C's Defense Continues Resurgence in Win Over Memphis
BOSTON - Remember the defensive lull that the Boston Celtics experienced leading up to the All-Star break? Well, that appears to be a phase of the past.
The defensive intensity that Boston prided itself on for the first half of the season appears to have returned after a brief hiatus, and Monday night's 109-98 win over the Memphis Grizzlies provided the latest example of its resurgence. It marked Boston's third consecutive win after the break, including the second game in which it was able to limit its opponent to fewer than 100 points. And, in reality, the defensive effort was much more impressive than the scoreboard indicated.
Boston dominated the opening 24 minutes, taking a 67-41 lead into halftime. The second quarter in particular was one of the most enjoyable defensive frames that coach Brad Stevens has seen out of his squad all season.
"The way we were flying around was really fun to watch," Stevens said in reference to Boston's 20-4 run that took up half of the second quarter.
The Celtics were hustling on every defensive effort during the second frame, contesting shots and clogging the paint, while limiting the Grizzlies to just five field goal makes and only three shot attempts inside the paint.
"It showed what we're capable if everybody's engaged," said Daniel Theis, who logged a plus-16 rating in just over seven minutes of action during the second quarter.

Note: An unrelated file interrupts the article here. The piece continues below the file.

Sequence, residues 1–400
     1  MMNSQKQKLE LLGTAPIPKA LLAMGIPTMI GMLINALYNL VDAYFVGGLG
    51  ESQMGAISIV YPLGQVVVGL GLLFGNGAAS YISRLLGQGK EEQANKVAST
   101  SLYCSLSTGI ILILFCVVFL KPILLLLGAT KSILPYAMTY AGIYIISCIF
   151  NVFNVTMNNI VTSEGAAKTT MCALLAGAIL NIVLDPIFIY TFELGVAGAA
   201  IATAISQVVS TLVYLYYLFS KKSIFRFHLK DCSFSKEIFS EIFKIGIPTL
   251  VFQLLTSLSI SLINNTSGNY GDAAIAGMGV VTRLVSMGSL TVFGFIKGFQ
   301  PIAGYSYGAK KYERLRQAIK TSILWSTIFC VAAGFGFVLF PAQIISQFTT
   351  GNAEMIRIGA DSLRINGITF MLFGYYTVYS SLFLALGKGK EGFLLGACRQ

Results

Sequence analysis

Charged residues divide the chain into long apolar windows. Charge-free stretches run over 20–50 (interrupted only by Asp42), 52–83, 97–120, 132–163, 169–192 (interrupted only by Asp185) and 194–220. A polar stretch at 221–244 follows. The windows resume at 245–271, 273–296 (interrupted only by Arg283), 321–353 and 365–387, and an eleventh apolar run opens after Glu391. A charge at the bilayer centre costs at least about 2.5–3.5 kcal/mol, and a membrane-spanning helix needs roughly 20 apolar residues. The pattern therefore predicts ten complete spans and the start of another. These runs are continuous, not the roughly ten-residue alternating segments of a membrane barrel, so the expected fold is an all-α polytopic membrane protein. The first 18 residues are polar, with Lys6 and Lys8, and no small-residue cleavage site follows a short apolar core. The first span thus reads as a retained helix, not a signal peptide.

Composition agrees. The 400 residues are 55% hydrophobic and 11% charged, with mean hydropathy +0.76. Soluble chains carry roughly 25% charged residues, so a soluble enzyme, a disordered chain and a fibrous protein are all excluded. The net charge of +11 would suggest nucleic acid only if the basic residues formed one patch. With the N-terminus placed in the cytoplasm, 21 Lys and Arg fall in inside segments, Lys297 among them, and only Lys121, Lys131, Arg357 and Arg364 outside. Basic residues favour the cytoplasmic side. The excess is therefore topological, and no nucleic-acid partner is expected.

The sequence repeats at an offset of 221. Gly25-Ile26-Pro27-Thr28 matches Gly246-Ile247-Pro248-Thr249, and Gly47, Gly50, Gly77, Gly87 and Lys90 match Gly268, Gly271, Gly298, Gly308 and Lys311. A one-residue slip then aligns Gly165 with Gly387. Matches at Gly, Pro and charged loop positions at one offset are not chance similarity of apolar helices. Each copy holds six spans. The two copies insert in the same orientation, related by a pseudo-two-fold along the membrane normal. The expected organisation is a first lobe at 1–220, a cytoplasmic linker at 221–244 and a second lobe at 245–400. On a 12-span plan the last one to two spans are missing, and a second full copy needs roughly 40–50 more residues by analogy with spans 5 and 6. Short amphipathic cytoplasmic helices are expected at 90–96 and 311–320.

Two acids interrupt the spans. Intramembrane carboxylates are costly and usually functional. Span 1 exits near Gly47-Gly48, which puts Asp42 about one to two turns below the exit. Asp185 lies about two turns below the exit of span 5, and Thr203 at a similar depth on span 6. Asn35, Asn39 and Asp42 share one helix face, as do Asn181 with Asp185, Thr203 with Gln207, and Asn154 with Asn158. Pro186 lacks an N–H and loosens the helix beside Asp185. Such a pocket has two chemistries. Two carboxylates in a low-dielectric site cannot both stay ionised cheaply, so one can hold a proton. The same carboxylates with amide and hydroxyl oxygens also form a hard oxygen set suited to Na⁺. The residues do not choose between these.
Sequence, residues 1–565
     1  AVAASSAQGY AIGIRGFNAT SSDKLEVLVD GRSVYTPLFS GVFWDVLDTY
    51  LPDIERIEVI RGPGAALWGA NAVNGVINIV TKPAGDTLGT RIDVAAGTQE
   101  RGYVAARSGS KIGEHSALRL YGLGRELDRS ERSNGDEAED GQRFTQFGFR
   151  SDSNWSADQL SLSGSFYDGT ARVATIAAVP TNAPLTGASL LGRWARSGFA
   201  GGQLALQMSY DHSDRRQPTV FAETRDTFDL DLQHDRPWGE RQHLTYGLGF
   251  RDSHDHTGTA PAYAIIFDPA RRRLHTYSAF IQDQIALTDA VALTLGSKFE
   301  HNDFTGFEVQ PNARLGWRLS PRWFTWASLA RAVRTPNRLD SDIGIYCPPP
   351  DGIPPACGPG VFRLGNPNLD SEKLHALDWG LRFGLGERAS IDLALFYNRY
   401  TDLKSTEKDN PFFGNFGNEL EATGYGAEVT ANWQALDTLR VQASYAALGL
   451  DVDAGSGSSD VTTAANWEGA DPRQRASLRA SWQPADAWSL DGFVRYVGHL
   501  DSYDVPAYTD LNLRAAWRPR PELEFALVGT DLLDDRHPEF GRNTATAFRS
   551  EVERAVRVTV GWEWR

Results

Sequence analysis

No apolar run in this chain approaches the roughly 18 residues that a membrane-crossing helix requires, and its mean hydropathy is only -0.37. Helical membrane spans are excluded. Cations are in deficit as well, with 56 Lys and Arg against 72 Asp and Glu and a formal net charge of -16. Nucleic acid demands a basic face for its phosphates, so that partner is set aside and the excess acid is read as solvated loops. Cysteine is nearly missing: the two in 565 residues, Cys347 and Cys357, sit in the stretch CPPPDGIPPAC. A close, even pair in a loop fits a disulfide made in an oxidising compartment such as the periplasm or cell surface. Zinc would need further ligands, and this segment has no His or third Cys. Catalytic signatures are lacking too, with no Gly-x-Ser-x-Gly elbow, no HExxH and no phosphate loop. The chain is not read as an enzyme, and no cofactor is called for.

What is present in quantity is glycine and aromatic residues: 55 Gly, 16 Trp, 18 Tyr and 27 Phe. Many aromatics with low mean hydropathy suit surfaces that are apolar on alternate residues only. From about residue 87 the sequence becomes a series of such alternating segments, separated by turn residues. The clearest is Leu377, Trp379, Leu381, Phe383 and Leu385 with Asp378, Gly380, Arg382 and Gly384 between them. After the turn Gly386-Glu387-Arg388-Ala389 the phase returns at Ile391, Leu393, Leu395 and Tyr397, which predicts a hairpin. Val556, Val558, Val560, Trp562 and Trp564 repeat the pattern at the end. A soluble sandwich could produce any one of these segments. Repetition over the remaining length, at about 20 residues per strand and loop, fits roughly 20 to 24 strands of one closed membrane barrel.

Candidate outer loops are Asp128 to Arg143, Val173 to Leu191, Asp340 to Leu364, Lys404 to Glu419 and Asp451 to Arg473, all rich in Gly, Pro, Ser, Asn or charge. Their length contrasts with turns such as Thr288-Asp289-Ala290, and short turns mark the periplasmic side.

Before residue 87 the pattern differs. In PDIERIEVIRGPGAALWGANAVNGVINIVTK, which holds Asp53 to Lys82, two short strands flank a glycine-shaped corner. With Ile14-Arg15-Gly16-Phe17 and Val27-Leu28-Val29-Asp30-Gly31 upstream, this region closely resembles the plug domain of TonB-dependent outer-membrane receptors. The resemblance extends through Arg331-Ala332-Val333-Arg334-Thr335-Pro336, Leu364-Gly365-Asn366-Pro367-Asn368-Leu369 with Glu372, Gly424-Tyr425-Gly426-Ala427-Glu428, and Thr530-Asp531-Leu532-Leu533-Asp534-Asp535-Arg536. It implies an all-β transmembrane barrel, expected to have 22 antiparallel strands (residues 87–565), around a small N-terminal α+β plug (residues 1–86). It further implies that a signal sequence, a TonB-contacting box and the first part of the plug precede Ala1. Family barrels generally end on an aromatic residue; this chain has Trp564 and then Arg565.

It's been a while since Boston has displayed consistent, collective engagement on the defensive end.
The C's did not seem themselves leading up to the All-Star break, having lost four of five while posting a 111.4 defensive rating. During three post-break games, the Celtics have recorded a 103.3 defensive rating, which is much closer to the league-leading 100.4 rating it possessed during the first half of the season.
The key to getting back on track, according to Marcus Morris, was the eight-day, All-Star break layoff. It allowed a couple of injured players, like Marcus Smart and Shane Larkin, to recover back to full strength, while giving the rest of the players a chance to regenerate their bodies and minds.
"Everyone needs the break," said Morris, who posted 13 points and eight rebounds against the Grizzlies. "You get a chance to see your family and you get a chance to not think about basketball all the time. Sometimes that gets to you, game after game, traveling, staying at hotels. It gets too you, especially with the younger dudes who haven't really been in this situation. I think the break really benefitted them to give them time to take a deep breath and look forward to the Playoffs."
Added the seven-year vet, "We're jelling at the right time. The defense has gotten a lot better and we're playing a lot harder."
Three games has been enough to convince Theis that the Celtics are back to playing how they should be on the defensive end.
"Before the break, we played bad defensively," said the rookie big man. "Since we came back we've tried to play our defense from the beginning and the middle of the season."
Now, the key is to just maintain that effort throughout the final stretch of the season.
"We're playing consistent again," said Theis. "We've gotta keep doing this. We've got 20 games left, so now it's important."
Wednesday's game against Charlotte should provide a great gauge as to where Boston's defense truly stands, considering the Hornets have been on an offensive tear of late. Charlotte has posted an Eastern Conference-leading 117.3 offensive rating since the All-Star break, so the Celtics will need to continue with its strong defensive effort Wednesday night in order to extend their winning streak to four games.